On May 19, 2022, The Center for Climate and Energy Solutions hosted a webinar titled: Climate Solutions: Unleashing the Potential of Fusion Energy. The event was moderated by C2ES Director of Energy Analysis, Doug Vine.
FIA CEO Andrew Holland spoke alongside Deputy Director for Energy, White House Office of Science and Technology Policy Dr. Sally Benson, and Chief Movement Builder at FIA member company Commonwealth Fusion Systems, Jennifer Ganten.
Watch the webinar in full here:
The event cited recent reports from the Intergovernmental Panel on Climate Change (IPCC), where they stated the global climate response must peak carbon dioxide emissions as quickly as possible and turn sharply downward to net-zero by 2050 to limit the worsening impacts of climate change.
Achieving that goal requires deploying as many solutions as possible. Developments in fusion energy are accelerating, and the technology is rapidly approaching its “Kitty Hawk” moment when this technology takes off and the fusion reaction releases more energy than is required to control it.
With the right support, fusion energy can be a global climate solution.
The panel of experts discussed the latest developments in fusion energy, its potential role in future comprehensive decarbonization strategies, and overcoming technical barriers, as well as the near and long-term policies necessary to facilitate commercialization and deployment.
After opening remarks, FIA CEO Andrew Holland opened his presentation by emphasizing the benefits of fusion energy as an energy source that is uniquely suited to the rapid scale-up necessary to address climate change and offer affordable energy to the globe. Fusion energy is reliable, firm power that will replace fossil energy sources such as coal and gas while acting as an excellent complement to renewable energy sources such as wind and solar.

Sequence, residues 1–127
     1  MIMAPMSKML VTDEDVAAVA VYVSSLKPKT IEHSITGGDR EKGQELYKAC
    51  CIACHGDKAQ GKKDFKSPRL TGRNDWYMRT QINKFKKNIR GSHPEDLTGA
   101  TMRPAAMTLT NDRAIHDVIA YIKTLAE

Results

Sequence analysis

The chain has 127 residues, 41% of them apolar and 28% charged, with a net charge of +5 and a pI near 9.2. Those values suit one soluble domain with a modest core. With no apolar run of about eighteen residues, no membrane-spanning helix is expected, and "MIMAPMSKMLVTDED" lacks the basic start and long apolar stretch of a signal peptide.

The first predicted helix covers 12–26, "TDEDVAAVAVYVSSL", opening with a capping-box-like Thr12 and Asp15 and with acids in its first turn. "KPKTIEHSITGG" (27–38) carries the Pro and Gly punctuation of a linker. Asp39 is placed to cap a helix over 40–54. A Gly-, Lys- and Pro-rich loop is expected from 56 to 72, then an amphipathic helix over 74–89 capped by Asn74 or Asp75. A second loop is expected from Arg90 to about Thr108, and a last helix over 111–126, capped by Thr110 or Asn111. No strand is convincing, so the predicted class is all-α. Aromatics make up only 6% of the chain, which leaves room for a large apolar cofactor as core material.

An important aspect of fusion energy that has recently been underlined is how fusion will break the geopolitics of energy where a country’s destiny is not determined by the size of its hydrocarbon deposits. Andrew cited Putin’s invasion of Ukraine as one example, stating that Putin would not have invaded unless he felt confident in his energy dominance over Europe. More on this in Andrew's recently published OP-ED in the Washington Examiner.
Andrew also stressed the acceleration of the fusion energy timeframe. Fusion energy research has increased due to investment schedules and the increasingly pressing needs of the climate issue. As a result of decades of scientific research into fusion energy, private fusion energy firms are designing and constructing ground-breaking experiments. By the mid-2020s, fusion technologies will have established a scientific proof of concept scientific breakeven, or equivalent evidence. If these companies succeed, they will build and operate prototype plants before commencing a rapid global deployment of fusion energy by the middle of the next decade.
This time scale is aggressive but it is doable. Since fusion innovation is both a function of time and money, private investment is vital to its continued development. Without this investment, fusion innovation development will remain several decades away.
Andrew offered that the FIA has twenty-seven partner companies, meaning there are at least twenty-seven distinct opportunities for successfully developing fusion energy.